"Campana" Relief with Roman Nilotic Landscape


"Campana" Relief with Roman Nilotic Landscape  [ edit ]

Starting in the late Republican period and increasing after the conquest of Egypt, many Romans decorated their houses with “Nilotic scenes”: frescoes, mosaics, or, as in this case, terracotta reliefs depicting the Nile in flood. Nilotic scenes, often thought to present exoticizing or unflattering caricatures of life in Egypt, are actually subtle and complex evocations of the annual Nile flood and the religious celebrations appropriate to that time of year. The appearance of these themes in private houses may thus testify to some Roman awareness of, and interest in, the festivals in question.

This particular Nilotic scene belongs to the category of “Campana reliefs”: mold-made terracotta reliefs that lined the interior and exterior walls of houses and temples. Such reliefs were particularly popular in the Middle Italian region from about 50 BCE to 150 CE; their decoration includes various iconographic genres, sometimes including Nilotic scenes. This example comes from a series of which several other examples exist.

Many specific features of this relief allude to the inundating Nile. As in other Nilotic Campana reliefs, the columns and archways suggest that the viewer looks out from an interior space onto the landscape, in which the foreign flora and fauna immediately signal the specific setting of Egypt. The crocodile and the hippopotamus in the relief, like the crocodile and the mongoose in Personification of the Nile, visually label the landscape. 

Both works of art also share another common feature of Nilotic landscapes: pygmies, who came from the far south of Egypt. Beneath the right-hand arch, two pygmy-figures pilot a reed boat. The diminutive figures provide an element of humor, but are also a serious allusion to the ancient Egyptian theology of the inundation. The rising waters of the Nile marked the coming of the “wandering goddess,” who can be specified as Hathor, Isis, or any number of local goddesses, who returned from her winter sojourn in the far south and brought with her fantastic creatures and humans from this region.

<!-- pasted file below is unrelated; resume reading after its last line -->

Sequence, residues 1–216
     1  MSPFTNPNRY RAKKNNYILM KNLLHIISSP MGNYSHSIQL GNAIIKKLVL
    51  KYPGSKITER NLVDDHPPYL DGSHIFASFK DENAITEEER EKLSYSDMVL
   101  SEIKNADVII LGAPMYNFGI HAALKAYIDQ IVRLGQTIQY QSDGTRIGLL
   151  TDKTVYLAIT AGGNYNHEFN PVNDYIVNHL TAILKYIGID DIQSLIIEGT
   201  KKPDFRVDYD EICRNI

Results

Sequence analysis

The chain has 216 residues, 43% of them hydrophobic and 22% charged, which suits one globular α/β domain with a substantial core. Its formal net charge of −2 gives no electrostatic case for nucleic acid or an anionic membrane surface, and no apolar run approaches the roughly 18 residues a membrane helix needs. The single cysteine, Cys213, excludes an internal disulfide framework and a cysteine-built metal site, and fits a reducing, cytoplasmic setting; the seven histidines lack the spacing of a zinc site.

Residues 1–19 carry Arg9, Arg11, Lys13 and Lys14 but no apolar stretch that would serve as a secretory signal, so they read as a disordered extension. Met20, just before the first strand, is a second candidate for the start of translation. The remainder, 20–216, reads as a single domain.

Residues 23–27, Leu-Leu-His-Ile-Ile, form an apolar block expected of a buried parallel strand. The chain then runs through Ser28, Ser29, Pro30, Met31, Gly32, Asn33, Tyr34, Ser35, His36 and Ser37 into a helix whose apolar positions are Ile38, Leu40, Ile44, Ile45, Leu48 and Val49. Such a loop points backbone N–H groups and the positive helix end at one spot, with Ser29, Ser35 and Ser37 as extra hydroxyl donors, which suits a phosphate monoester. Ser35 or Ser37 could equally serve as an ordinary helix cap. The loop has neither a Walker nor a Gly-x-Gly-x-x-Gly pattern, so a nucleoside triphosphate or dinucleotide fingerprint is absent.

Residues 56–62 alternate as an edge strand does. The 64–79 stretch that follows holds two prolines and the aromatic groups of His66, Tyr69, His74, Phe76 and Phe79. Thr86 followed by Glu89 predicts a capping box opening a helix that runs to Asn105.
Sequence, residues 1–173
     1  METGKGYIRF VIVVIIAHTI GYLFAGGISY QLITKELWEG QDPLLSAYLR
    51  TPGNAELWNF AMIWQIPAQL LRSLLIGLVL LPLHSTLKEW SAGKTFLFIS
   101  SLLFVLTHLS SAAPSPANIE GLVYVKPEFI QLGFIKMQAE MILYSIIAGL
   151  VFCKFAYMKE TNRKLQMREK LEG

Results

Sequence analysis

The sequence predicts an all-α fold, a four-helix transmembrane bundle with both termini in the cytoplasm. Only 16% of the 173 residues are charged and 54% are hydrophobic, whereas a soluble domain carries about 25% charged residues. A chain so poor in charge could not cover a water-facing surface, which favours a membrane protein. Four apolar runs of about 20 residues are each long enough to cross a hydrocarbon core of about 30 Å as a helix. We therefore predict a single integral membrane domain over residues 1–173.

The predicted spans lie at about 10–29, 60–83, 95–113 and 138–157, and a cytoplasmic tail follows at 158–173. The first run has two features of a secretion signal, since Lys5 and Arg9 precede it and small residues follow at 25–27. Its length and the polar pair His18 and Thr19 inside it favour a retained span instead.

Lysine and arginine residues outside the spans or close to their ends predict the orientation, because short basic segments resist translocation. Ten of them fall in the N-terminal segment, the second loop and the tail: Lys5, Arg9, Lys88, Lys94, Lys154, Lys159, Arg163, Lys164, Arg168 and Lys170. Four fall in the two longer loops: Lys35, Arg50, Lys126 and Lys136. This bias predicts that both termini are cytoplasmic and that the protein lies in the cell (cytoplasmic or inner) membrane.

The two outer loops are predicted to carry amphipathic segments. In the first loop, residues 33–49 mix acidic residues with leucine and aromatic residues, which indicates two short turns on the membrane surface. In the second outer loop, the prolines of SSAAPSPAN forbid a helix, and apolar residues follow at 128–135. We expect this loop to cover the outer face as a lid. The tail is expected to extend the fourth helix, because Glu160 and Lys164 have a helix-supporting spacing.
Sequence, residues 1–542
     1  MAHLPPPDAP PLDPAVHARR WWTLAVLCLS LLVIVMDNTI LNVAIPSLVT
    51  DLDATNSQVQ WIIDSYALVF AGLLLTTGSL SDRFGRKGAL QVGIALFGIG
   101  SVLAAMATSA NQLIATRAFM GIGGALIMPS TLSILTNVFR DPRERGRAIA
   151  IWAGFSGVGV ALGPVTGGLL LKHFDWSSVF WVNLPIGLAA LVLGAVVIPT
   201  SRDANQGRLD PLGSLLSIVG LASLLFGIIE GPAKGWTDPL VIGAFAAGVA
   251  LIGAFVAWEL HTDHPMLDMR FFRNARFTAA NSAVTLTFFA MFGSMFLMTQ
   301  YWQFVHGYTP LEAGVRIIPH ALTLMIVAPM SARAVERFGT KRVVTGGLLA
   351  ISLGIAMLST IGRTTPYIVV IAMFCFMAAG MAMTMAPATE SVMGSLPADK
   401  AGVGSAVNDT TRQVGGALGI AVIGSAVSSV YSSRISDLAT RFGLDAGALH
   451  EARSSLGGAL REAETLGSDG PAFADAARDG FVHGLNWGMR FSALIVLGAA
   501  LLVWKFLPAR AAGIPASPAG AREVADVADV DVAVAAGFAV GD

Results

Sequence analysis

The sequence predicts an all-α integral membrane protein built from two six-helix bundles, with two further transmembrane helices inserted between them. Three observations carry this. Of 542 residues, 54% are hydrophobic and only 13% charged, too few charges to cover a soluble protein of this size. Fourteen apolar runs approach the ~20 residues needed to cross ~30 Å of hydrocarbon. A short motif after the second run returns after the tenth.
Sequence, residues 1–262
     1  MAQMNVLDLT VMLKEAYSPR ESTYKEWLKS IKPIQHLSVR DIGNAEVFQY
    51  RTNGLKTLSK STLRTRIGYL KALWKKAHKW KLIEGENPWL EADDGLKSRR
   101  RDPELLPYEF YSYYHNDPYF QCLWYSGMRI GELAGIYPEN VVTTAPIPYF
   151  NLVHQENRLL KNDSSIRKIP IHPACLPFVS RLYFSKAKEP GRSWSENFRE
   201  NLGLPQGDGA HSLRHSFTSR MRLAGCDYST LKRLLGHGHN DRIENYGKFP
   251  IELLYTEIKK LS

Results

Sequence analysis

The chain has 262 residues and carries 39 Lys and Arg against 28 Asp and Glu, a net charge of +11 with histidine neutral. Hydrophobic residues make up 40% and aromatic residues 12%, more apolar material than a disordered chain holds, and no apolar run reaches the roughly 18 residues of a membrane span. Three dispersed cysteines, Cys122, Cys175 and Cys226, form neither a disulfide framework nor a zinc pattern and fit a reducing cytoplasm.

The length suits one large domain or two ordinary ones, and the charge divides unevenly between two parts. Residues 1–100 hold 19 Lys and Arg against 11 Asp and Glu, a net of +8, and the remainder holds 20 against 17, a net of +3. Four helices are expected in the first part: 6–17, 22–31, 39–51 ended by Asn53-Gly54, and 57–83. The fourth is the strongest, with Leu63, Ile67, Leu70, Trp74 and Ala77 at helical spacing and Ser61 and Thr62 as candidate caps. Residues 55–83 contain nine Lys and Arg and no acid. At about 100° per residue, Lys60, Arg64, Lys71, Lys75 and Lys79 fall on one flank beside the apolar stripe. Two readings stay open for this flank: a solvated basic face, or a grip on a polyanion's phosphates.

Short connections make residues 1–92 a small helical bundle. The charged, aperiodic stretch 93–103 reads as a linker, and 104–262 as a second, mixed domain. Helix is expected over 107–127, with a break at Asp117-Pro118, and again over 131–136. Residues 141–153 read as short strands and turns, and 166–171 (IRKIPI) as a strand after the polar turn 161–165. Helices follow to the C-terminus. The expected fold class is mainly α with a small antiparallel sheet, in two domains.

On the riverbank is a semi-nude female, viewed from behind; she reclines on a kline and lifts a drinking vessel, alluding to the frequent depictions of alcohol consumption and sexual activity in other Nilotic scenes. To the left of the woman, above an archway and small staircase, stands an ithyphallic statue of Priapus. These iconographic allusions to sexuality and drinking evoke, among other things, Egyptian celebrations for the wandering goddess, who reunited with her spouse upon her return to Egypt, and whose festivals often featured inebriation. Next to the reclining figure, the peaked reed structures – on which three storks sit – may evoke not only the huts of the southern pygmies but also the temporary festival structures, seemingly of organic material, that accompanied Inundation-related ritual drinking on the banks of the Nile.


1st Century CE


H. 48.3 cm; W. 51.3 cm; Th. 4.1 cm




Princeton University Art Museum

Accession Number


Credit Line

Gift of Edward Sampson, Class of 1914, for the Alden Simpson Collection

C. Barrett, Egyptianizing Figurines from Delos. Columbia Studies in the Classical Tradition 36. (Leiden 2011).

A.H. Borbein, Campanareliefs: typologische und stilkritische Undersuchungen (Heidelberg: F.H. Kerle Verlag, 1968)

J.C. Darnell, “Hathor Returns to Medamûd,” Studien zur Altägyptischen Kultur 22 (1995), 47-94.

P.G.P. Meyboom, The Nile Mosaic of Palestrina: Early Evidence of Egyptian Religion in Italy (Leiden/Boston: Brill, 1995).

Rita Perry, Die Campanareliefs (Mainz: Philipp von Zabern, 1997)

Marion Rauch, Bacchische Themen und Nilbilder auf Campanareliefs (Rahden/Westf.: Verlag Marie Leidorf GmbH, 1999).

M. J. Versluys, Aegyptiaca Romana: Nilotic Scenes and the Roman Views of Egypt (Leiden/Boston: Brill, 2002).